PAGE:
Time is running out for the Senate to take action on the Housing Opportunity Through Modernization Act (H.R. 3700) – send a letter and tweet at your Senators today to urge them to pass this critical bill.
Passed 427-0 by the House on February 2, 2016, H.R. 3700 is non-controversial, common-sense legislation that provides reforms to housing programs that have been debated for years. Unfortunately, the Senate has not yet taken action on this bill.
Here are some sample tweets:
- #HR3700 gives #PHAs more capacity to tackle #poverty and help residents – @SENATOR please act now on this critical legislation
- #HR3700 reduces burdensome regulations while protecting residents – @SENATOR help me serve our community better by passing the bill
- House passed #HR3700 unanimously 4 months ago. @SENATOR please act on #HR3700
- @SENATOR budget cuts and increased regs have hurt our community – help #PHAs serve residents by passing #HR3700
NAHRO has supported many of the reforms within the bill since it was drafted; NAHRO President Steve Merritt testified at a hearing on the bill in October 2015 and NAHRO has joined a coalition of housing stakeholders pushing for the passage of the bill. In April, NAHRO joined the coalition on a letter to senators urging the quick passage of the legislation.
This critical legislation provides PHAs with effective tools and mechanisms to improve the operation of their programs and expands the suite of tools available to PHAs to manage and preserve their portfolios.
Specifically, NAHRO supports these provisions of H.R. 3700:
- Capital Replacement Reserves– Using NAHRO language also included in the Senate FY16 Appropriations Bill, HOTMA would allow PHAs to voluntarily establish Capital Fund replacement reserves.
- Subsidy Flexibility – HOTMA would allow for PHAs to transfer 20 percent of their Operating Funds to their Capital Fund, language NAHRO has advocated for strongly over many years.
- Income Review Safe Harbors – HOTMA would allow PHAs to use other federal data to determine income including TANF, Medicaid, and SNAP.
- Project-Based Voucher Program – PHAs would be able to change the amount they may project-base from 20 percent of their voucher funding to 20 percent of their authorized voucher allocation, allowing most PHAs to project-base additional units. Additionally, those PHAs that have units targeting homeless individuals and families, veterans, elderly households, disabled households, or units in areas where vouchers are difficult to use, would be permitted to project-base up to 30 percent of those targeted units. In other instances, PHA project-based voucher assistance may not exceed 25 percent of the units in a project or 25 units, whichever is greater. In areas where vouchers are difficult to use and in census tracts with a poverty rate of equal to or less than 20 percent, PHAs may provide project-based voucher assistance for up to 40 percent of the units in a project. HOTMA allows PBV contracts and extensions of up to 20 years; allows PHAs to permit site-specific waiting lists managed by owners; and clarifies that PHAs may project-base HUD-VASH and Family Unification Project (FUP) vouchers.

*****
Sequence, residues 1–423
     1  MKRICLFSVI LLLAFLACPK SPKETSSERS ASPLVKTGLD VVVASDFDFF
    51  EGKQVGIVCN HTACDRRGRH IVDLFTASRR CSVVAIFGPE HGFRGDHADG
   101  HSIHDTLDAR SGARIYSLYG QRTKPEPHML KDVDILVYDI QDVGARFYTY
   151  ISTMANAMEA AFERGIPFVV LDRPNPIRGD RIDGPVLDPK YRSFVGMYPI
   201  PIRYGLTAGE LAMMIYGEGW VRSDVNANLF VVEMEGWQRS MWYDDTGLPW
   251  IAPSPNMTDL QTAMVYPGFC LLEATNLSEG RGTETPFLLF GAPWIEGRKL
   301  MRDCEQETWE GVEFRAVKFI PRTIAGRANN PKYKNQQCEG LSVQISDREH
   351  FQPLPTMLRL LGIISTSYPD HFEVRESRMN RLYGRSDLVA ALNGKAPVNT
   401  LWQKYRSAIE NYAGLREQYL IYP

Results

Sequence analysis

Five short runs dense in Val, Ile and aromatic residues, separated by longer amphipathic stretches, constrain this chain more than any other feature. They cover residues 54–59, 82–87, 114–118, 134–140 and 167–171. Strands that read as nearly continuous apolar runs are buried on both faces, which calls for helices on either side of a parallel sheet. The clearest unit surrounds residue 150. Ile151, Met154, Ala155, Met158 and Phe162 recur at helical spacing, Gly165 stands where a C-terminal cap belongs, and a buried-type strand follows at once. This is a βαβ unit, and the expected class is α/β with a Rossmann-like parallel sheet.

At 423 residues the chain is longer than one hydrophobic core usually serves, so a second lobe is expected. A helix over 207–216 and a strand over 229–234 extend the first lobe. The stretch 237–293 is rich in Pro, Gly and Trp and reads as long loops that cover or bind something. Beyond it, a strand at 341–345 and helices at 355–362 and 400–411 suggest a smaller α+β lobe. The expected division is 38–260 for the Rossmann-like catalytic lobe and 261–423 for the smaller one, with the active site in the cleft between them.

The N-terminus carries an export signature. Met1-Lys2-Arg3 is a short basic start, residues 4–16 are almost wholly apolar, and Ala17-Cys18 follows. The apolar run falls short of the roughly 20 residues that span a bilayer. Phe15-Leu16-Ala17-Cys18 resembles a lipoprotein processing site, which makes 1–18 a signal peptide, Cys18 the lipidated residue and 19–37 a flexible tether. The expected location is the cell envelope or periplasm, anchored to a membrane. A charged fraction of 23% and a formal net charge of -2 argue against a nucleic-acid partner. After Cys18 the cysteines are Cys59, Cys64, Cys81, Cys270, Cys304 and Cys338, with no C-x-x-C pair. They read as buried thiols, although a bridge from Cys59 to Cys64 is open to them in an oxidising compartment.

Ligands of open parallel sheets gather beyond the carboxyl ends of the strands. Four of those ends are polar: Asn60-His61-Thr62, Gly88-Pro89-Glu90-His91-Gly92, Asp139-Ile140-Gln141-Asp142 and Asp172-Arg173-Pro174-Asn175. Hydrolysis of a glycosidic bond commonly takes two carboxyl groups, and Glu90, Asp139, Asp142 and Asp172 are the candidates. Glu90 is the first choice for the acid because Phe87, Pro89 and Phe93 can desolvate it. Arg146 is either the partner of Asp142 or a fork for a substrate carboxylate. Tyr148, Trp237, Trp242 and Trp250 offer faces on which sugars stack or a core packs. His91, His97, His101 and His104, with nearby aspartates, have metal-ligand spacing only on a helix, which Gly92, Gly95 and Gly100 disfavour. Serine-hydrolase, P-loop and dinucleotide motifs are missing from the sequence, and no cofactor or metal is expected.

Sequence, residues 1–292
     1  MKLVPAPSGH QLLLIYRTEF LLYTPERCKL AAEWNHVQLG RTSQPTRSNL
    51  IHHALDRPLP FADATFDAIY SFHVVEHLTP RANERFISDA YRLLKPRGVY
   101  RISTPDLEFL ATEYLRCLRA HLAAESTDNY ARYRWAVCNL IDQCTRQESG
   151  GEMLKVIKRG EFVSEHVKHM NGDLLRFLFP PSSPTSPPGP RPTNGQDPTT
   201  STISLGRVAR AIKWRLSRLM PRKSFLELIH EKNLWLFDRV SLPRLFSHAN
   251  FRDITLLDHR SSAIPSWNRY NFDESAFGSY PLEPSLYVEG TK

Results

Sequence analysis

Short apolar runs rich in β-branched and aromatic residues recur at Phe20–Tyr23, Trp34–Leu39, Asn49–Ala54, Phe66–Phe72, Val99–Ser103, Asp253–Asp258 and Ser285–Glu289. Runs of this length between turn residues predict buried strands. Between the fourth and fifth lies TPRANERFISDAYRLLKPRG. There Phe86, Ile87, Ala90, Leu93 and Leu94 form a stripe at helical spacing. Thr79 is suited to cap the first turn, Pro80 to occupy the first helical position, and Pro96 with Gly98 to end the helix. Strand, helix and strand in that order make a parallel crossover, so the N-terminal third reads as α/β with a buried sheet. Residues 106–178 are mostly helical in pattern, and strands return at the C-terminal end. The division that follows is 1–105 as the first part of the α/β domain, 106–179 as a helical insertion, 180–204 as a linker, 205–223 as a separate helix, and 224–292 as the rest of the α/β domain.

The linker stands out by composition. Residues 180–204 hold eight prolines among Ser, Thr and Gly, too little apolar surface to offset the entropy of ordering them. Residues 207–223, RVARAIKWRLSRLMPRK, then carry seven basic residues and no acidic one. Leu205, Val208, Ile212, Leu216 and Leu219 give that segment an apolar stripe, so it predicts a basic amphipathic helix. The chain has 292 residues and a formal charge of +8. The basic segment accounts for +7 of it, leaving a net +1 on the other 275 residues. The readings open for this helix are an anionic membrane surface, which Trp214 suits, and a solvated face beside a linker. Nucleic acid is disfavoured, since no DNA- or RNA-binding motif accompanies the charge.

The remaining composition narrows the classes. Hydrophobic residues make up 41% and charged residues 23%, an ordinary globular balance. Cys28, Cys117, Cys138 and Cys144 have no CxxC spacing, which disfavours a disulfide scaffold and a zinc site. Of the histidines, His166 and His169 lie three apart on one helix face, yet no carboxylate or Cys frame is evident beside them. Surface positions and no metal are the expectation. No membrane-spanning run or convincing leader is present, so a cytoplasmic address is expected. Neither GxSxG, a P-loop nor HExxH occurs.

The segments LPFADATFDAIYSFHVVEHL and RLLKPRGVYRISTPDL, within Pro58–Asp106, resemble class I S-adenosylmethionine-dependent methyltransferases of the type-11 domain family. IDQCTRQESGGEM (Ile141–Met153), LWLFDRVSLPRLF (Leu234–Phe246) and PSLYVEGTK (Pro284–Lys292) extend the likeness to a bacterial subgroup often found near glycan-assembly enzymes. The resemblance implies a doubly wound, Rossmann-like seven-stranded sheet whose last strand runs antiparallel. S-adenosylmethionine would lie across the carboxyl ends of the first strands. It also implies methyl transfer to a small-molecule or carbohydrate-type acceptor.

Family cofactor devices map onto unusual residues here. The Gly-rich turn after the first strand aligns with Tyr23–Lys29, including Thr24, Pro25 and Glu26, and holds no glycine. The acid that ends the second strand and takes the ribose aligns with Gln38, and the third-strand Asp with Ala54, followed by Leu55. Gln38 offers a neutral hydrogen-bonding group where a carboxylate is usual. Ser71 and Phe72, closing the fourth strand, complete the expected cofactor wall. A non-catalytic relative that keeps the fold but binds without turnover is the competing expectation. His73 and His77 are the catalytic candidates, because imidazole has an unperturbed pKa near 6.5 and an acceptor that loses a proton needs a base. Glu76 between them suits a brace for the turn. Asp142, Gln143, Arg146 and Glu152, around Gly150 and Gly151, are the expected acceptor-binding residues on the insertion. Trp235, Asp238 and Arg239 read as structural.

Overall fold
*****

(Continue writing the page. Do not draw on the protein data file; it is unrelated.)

- Extended Family Unification Vouchers – HOTMA would increase the age of eligibility for FUP vouchers from 21 to 24 and make youth who will leave Foster Care within 90 days and are homeless or at risk of homelessness eligible. The substitute legislation contains the original HOTMA provisions that would also expand FUP vouchers by allowing eligible youth “who have attained 16 or 17 years” and who have left foster care to remain in the program for up to 36 months.
- PHA and Local Development Authorities as ESG Subrecipients for Solutions Grants – HOTMA includes statutory language, supported by NAHRO, that would permit any state or local government receiving ESG allocations to distribute all or a portion of its grant funds to PHAs and local redevelopment authorities (alongside private nonprofit organizations).
Special Assistant for Veterans Affairs and an Annual Supplemental Report – HOTMA would create a new position of Special Assistant for Veterans Affairs that reports directly to the Secretary of HUD and would be responsible for, among other things, ensuring veterans have access to housing programs and homeless assistance, coordinating veteran-related programs at HUD, and serving as a liaison between HUD, the VA, and the USICH, and officials of state, local, regional, and nongovernmental organizations. HOTMA would also require HUD, the VA, and the USICH to collaborate and submit to congress an annual supplemental report on veteran homelessness.